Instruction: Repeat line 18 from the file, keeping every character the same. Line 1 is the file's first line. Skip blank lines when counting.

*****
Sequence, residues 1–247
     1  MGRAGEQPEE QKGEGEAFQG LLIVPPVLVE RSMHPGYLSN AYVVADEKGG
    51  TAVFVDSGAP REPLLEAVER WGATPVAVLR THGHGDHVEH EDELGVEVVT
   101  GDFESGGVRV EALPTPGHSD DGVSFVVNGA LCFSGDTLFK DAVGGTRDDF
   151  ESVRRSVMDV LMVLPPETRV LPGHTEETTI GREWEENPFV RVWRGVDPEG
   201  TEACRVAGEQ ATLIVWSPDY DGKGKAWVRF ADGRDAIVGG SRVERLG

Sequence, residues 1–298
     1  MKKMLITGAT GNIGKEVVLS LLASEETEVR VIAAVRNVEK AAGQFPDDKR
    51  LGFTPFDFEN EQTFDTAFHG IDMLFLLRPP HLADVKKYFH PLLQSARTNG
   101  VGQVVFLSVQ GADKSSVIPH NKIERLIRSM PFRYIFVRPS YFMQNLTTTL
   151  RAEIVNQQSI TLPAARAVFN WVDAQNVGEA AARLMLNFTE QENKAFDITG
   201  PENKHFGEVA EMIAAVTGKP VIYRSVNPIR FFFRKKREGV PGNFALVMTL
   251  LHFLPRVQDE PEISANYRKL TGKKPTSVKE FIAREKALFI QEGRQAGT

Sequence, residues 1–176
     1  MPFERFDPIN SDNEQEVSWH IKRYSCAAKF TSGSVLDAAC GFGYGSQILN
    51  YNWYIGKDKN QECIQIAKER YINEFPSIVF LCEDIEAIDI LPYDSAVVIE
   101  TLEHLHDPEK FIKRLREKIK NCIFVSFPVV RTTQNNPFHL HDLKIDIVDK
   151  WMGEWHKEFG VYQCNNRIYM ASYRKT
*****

   151  WMGEWHKEFG VYQCNNRIYM ASYRKT